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Free museum gardening class to cover mulching

Bryan Shepherd, manager of gardens and grounds at the Museum of he Shenandoah Valley, prepares a vegetable bed for mulch on the grounds at Glen Burnie. Rich Cooley/Daily (Buy photo)

Perry Matthews, director of gardens at Museum of the Shenandoah Valley, holds bark mulch and mushroom compost surrounding a dogwood tree. The mushroom compost helps enrich the soil as a slow release fertilizer. Rich Cooley/Daily (Buy photo)

By Josette Keelor

Temperatures have slowly begun rising, clocks have sprung ahead and though ice or snow might linger in places of shade, gardens have begun sprouting with color.

At the Museum of the Shenandoah Valley in Winchester, the last of the free monthly Garden Lunch Box Lessons will welcome the new season with a heaping helping of mulch.

According to Perry Mathewes, director of gardens at the museum, mulching isn't for appearances only. It helps conserve water in a garden and keep weeds from sprouting.

"It helps keep the soil at a more consistent temperature," he said -- something especially important in the cold. Without proper mulching, Mathewes said, freezes can cause the ground to expand, harming plant roots or eventually forcing them out from the earth.

"You want your plant roots to be more consistent, to keep them slightly warmer," he said. "It's better for the plants that way."

On museum gardens he generally uses shredded hardwood mulch but said he's used pine straw to great success in other gardens. Pine bark also works well, but he said black plastic or rubber mulch can cause problems.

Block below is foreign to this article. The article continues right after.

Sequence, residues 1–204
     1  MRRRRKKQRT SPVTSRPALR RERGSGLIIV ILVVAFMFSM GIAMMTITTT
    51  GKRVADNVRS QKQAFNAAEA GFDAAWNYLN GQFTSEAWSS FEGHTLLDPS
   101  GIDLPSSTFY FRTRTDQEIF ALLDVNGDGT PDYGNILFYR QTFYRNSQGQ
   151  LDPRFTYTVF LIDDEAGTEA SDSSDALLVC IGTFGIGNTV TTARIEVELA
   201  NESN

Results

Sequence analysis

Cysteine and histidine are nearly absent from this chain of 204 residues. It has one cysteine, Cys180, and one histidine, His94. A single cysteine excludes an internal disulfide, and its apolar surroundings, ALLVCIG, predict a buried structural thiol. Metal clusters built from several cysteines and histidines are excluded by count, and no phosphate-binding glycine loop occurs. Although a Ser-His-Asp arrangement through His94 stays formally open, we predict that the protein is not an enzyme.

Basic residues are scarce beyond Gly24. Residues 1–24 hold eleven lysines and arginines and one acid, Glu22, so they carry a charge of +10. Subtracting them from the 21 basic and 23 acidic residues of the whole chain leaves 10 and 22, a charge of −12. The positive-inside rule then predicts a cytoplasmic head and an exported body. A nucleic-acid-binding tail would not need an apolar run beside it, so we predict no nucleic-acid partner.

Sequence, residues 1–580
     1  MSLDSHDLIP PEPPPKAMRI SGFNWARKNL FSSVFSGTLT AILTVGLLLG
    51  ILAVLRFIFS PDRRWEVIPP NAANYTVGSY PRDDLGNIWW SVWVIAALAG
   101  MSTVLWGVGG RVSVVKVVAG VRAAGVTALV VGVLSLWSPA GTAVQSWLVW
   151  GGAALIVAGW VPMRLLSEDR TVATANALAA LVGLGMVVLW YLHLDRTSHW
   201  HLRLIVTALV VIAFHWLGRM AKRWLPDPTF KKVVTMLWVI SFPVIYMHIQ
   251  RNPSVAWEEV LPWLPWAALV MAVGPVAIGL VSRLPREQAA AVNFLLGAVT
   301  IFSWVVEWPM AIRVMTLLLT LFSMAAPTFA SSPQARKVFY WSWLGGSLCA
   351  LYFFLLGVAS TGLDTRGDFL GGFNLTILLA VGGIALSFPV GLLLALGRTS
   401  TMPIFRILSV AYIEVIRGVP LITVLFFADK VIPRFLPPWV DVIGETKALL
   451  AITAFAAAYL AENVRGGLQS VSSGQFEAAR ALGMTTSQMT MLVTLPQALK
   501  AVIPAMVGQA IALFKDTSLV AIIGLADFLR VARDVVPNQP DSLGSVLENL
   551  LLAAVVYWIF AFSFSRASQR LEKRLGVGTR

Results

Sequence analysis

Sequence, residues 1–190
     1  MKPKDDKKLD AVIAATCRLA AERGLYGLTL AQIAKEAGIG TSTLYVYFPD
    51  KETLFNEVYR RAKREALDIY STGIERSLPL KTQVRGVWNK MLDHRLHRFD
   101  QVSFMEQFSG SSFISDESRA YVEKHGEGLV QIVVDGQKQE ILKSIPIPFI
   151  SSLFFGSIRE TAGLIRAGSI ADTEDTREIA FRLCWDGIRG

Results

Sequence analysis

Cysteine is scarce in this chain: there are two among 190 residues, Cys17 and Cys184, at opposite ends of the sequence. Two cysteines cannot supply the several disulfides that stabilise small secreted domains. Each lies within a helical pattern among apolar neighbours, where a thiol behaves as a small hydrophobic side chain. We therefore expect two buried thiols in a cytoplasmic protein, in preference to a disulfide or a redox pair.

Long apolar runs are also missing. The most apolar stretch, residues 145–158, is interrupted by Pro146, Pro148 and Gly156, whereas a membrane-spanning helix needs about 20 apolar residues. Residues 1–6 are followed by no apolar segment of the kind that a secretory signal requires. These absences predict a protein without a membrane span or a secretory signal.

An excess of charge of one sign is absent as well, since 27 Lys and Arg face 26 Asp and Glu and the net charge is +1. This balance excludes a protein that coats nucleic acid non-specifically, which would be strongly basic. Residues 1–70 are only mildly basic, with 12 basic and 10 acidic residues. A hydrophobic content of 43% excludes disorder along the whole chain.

"It doesn't allow moisture to get into the soil," he said. Aesthetically it also doesn't compare to natural mulch.

Mulching, he said, "freshens up the bed and gives you kind of a nice, clean look." He recommended mulching once or twice a season.

Teaching the class will be the museum's manager of gardens and grounds, Bryan Shepherd, who will offer an introduction to mulch and best practices, such as using the proper amount.

According to Mathewes, "There is such a thing as using too much mulch."

The free class will be about 20 minutes long starting at noon March 25 and is meant to fit easily into visitors' lunch hours. If weather allows, the class will meet outside in the picnic area at 901 Amherst St., Winchester, but if not, Mathewes said it will convene inside the museum. Participants are encouraged to bring a bag lunch and walking shoes.

"Come prepared," he said. "It will be a walk around the garden if the weather is good."

For more information, call 540-662-8756 or visit www.theMSV.org.

Contact Community Engagement Editor Josette Keelor at 540-465-5137, ext. 176, or jkeelor@nvdaily.com


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